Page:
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ChatGPT outage spreads panic among those now hooked on chatbot for work

Posted by Tim Richardson on 10th June 2024

ChatGPT is now back up and running after an outage floored the service for a large part of the working day (4 June). 

The headlines spoke volumes about the chaos it caused. “ChatGPT outage leaves thousands unable to use the chatbot,” screamed the Metro, while Gizmodo went with “ChatGPT back up after going on the fritz.”

But the headline that totally skewered the story was delivered by The Register with its usual sass: “Millions forced to use brain as OpenAI’s ChatGPT takes morning off.”

People took to X —  formerly Twitter — to share their dismay with one even asking: “How am I supposed to get any work done with ChatGPT being down!?”

Outage caused panic 

Make no mistake — ChatGPT and other generative AI platforms are having an enormous impact on the way people approach creative work that involves words, images and sounds. 

But you only get a real sense of the impact it’s making when things go wrong — or in this case, it falls over altogether. 

Everyone knows AI tools have the potential to revolutionise the way we work. And the world of PR and comms is one of those industries where it’s certainly making its mark. 

Here at Wildfire, we’re having conversations about AI with clients on a daily basis. That’s why we established an AI taskforce to help make sense of all the noise. 

Let’s be clear. ChatGPT and other tools are great for a quick and dirty bit of research. Or a swift explanation of a difficult-to-grasp topic. It’s handy for a spur-of-the-moment brainstorm if no one else is around. And it can bash out a rudimentary story skeleton in next to no time.

As a writing tool, it’s a neat trick — a four or five out of 10. Maybe a six on a good day. But that’s it. And as The Register’s headline makes perfectly clear, it is no substitute for good old brain power, creative thinking and editorial know-how.

Despite all the rhetoric when it comes to writing copy that makes an impact, such AI writing tools are lacking. For now. But there is one area where they do excel. They’re a really good editorial assistant. Possibly an eight or nine out of 10 depending on the task. For instance, AI is great for: 

  • Generating headlines

Simply slap in some text and ask it to come up with a headline. Easy. Even better, ask it to come up with a dozen headlines so you have a choice. Even if it doesn’t come up with a winner the first time around, sometimes it’s enough for you to cherry-pick from the ideas generated to come up with your own. In a sense, it’s like bouncing ideas off a colleague. 

  • In short, it’s good at précis 

Being able to précis longer text has always been a valuable — if somewhat overlooked — skill. Journos are familiar with having to précis reports, speeches, and documents to provide readers with concise and clear news articles. Likewise, in business, execs often expect a snappy version of a report or article to make their life easier. Conversational AI is great at this. Slap in the text, set a word count, and press ‘go’. Job done. Just remember to check the output to make sure it hasn’t missed anything important. 

  • Metadata

Similarly, if you’re writing blogs and need to provide the metadata as well, it’s well worth thinking about using ChatGPT or Google Gemini. They should be able to pick out some SEO keywords as well.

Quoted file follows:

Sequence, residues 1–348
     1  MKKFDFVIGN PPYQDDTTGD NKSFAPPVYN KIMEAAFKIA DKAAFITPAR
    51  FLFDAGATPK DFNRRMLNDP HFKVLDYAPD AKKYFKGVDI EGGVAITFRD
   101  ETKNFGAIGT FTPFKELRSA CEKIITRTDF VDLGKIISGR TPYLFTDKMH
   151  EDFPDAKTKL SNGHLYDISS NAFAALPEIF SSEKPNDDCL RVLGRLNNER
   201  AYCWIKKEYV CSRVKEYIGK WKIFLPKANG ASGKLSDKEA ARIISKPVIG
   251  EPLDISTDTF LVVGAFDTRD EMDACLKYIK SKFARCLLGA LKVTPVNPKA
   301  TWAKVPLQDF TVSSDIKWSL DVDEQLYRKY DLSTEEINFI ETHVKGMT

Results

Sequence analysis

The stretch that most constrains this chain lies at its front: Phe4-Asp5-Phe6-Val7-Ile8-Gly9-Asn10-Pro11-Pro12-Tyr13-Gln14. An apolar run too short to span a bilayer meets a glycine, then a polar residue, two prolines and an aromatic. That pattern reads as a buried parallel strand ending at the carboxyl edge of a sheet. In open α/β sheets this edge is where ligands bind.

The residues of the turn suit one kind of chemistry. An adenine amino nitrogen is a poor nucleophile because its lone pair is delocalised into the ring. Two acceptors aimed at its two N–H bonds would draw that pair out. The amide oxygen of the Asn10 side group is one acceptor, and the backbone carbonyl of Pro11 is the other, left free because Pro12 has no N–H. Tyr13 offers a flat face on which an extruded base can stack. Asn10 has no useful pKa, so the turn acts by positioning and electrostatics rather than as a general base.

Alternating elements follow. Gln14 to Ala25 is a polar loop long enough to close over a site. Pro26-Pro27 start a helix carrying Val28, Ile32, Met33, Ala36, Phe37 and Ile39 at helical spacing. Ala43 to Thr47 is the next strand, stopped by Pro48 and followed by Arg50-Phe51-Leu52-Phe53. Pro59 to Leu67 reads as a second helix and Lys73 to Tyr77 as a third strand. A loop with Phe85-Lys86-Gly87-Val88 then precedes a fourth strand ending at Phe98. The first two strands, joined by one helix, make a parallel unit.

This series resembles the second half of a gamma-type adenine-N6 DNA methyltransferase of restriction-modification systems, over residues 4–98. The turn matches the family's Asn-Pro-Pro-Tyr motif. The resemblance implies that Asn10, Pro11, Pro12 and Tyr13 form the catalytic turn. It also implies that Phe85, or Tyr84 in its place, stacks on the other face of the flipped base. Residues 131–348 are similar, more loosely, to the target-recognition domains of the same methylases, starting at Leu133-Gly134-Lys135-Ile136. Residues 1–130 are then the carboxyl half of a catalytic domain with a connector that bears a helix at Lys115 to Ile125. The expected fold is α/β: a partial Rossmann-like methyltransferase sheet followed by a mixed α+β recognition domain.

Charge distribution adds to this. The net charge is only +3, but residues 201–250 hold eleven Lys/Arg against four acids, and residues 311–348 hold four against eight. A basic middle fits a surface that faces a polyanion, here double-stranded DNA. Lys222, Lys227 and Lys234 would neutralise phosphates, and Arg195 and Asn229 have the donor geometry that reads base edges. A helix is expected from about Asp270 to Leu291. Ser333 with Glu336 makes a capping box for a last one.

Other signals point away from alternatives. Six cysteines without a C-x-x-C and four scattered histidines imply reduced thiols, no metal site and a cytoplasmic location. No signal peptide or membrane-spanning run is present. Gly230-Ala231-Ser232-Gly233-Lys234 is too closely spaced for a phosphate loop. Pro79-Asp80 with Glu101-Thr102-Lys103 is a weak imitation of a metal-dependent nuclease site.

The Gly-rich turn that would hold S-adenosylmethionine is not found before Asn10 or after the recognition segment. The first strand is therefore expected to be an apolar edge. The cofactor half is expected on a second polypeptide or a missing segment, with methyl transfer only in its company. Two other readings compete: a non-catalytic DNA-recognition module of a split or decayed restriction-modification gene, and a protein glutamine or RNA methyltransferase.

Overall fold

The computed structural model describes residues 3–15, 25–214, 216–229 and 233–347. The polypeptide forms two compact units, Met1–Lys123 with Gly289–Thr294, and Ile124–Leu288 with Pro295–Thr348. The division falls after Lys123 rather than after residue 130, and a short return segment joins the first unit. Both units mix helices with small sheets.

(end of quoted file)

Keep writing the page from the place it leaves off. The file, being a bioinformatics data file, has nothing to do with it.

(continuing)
In each of these cases, ChatGPT and other conversational AIs come into their own as an editorial assistant. They take some of the drudgery and legwork out of editorial work. But it would be unwise to carry out any of these activities and publish what these tools have created without checking first. In other words, writers using these tools as editorial assistants must then become sub-editors and editors to ensure content passes muster.

 Another interesting area where the technology comes into its own is research. 

  • Explaining new ideas, concepts and technologies. Bringing you up to speed about recent events.

If you need to know what quantum computing is, for example, just ask. And within seconds it will start reeling off something like: 

Quantum computing is a type of computing that harnesses the principles of quantum mechanics to process information. Unlike classical computers, which use bits to represent data as 0s or 1s, quantum computers use quantum bits, or qubits, which can exist in multiple states (0, 1, or both simultaneously) due to superposition.

If such answers leave you bamboozled, you could always try this neat hack and add ‘ELI5’ — Explain Like I’m 5’. 

Quantum computing is like having magic coins that can be heads, tails, or both at the same time. These coins can also be magically connected so that flipping one instantly tells you the result of the other, no matter how far apart they are. This lets quantum computers solve super hard problems really fast.

To be fair, even the answer for five-year-olds is still a head-scratcher. But at least it’s a start. 

Chatbot etiquette

Be in no doubt — generative AI is an amazing technology. The more we use it, the more we’ll begin to understand its strengths and weaknesses and how to get the best from the technology. 

We’ll also begin to be able to refine the prompts to improve the output. In fact, it will be like training a new member of your team. 

But if that’s the case, should we be polite when we ask questions and give it tasks? Would AI do a better job if we said ‘please’ and ‘thank you?’ 

“You can be as polite as you feel comfortable with when interacting with ChatGPT,” chirped the chatbot when we popped the question. 

“Including polite phrases like ‘please’ and ‘thank you’ doesn’t necessarily improve the responses you receive in terms of accuracy or relevance, but it’s always nice to observe common social niceties, even in digital interactions,” it said. 

Quite right. Noted. 

Tim Richardson